If you want to begin to recover from trauma and its responses, Dr. van der Kolk advises, you should emphasize "social support," which is "not the same as merely being in the presence of others. The critical issue is reciprocity: being truly heard and seen by the people around us, feeling that we are held in someone else’s mind and heart. For our physiology to calm down, heal, and grow we need a visceral feeling of safety." This can be extremely difficult (indeed, Dr. Van der Kolk characterizes it as "terrifying" for many people getting through trauma), but at the very least, identifying relationships and people with whom you feel safe and secure and nourishing those bonds is a good start.
Do Yoga And Mindfulness Meditation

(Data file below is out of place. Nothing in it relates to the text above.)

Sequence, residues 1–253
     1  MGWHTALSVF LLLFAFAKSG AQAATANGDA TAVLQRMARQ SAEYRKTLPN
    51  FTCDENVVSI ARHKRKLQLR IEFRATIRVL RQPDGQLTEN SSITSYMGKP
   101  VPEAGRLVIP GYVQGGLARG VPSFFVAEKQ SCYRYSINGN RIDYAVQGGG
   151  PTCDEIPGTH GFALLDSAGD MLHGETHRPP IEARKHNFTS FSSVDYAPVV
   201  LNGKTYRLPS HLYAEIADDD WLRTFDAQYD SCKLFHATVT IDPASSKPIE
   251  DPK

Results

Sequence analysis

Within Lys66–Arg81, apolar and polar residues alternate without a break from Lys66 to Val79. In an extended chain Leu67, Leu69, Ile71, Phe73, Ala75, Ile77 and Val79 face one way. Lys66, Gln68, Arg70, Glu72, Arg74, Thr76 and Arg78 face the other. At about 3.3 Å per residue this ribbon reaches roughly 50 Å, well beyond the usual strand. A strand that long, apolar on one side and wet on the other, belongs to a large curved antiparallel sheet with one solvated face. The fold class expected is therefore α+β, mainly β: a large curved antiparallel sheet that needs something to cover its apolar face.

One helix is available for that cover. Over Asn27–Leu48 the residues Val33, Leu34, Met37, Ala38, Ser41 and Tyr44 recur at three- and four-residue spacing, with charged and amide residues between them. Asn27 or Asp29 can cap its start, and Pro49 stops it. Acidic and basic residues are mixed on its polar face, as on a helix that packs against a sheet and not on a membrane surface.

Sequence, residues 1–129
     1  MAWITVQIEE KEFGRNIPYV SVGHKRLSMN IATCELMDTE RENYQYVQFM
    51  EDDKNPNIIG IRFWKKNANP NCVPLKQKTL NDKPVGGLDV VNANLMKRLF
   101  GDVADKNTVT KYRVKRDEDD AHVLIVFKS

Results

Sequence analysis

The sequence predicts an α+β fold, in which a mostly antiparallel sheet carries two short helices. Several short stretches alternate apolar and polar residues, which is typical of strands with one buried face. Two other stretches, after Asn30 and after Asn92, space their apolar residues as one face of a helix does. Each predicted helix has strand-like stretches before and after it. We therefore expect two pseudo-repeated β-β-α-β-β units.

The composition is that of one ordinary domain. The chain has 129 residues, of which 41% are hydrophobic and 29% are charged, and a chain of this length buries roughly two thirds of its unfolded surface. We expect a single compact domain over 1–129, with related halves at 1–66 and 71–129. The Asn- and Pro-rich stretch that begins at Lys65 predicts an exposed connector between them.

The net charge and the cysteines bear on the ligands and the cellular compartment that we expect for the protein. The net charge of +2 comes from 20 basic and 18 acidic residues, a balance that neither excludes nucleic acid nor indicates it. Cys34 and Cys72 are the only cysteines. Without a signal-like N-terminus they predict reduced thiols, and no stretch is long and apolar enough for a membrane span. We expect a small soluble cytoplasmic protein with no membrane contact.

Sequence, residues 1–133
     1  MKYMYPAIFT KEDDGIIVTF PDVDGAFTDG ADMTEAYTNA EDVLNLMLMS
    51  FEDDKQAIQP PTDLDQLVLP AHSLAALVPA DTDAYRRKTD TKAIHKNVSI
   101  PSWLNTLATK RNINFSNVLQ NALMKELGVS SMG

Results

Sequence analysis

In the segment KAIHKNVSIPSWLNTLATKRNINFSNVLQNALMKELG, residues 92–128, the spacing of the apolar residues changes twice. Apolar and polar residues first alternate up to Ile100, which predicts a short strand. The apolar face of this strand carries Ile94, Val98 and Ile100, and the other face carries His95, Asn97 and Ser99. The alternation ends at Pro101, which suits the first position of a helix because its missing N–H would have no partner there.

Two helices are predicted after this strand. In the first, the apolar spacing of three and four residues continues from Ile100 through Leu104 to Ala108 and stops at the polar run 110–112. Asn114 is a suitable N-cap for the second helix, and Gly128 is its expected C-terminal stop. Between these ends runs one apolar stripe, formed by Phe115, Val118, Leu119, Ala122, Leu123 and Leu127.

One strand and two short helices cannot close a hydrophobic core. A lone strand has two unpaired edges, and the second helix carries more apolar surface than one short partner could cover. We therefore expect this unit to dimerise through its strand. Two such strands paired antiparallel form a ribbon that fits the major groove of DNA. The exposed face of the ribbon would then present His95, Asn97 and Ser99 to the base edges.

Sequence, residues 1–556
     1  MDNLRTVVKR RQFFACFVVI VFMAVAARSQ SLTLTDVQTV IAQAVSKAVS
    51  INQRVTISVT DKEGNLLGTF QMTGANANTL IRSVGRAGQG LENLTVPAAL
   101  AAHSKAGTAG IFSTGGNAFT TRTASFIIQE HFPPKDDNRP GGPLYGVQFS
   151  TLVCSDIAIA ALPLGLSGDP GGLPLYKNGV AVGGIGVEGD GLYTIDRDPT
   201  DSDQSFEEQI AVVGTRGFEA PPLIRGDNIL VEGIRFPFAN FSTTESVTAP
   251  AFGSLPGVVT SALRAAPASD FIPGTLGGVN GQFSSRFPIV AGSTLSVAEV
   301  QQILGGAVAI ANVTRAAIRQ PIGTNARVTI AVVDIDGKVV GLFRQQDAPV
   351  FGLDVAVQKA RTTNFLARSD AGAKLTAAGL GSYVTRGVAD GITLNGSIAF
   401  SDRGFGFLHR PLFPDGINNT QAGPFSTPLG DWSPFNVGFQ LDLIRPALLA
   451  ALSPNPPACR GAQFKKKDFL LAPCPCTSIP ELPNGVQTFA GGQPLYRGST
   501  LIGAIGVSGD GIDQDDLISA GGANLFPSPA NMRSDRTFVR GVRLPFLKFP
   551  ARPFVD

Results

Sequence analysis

Dr. Van der Kolk's model of body and mind being somehow disconnected by trauma seems a bit airy-fairy, but it's backed up by solid science in the usage of two different disciplines on people with PTSD: yoga and mindfulness. The "emotional dysregulation" of trauma, as it's called, whether it's short-lived or part of an ongoing pattern, is basically down to a problematic relationship between the body and the brain, where the brain interprets various stimuli in the world as threatening, problematic or otherwise deserving of irregular levels of arousal. And the roots of that problem appear to be found in the brain.
In separate studies, the practices of yoga and mindfulness, both of which emphasise connection with and awareness of the body, showed lower arousal levels; Mika Doyle, writing for Bitch Media, recounted how her own participation in a yoga trauma trial resulted in lowered stress results in tests like skin conductance, which judges just how hyped-up and ready to fight the autonomic nervous system is. And studies on mindfulness have shown that, if practiced regularly, it changes the structure of the brain (including the amygdala, the neural threat center) to increase emotional regulation and focused attention.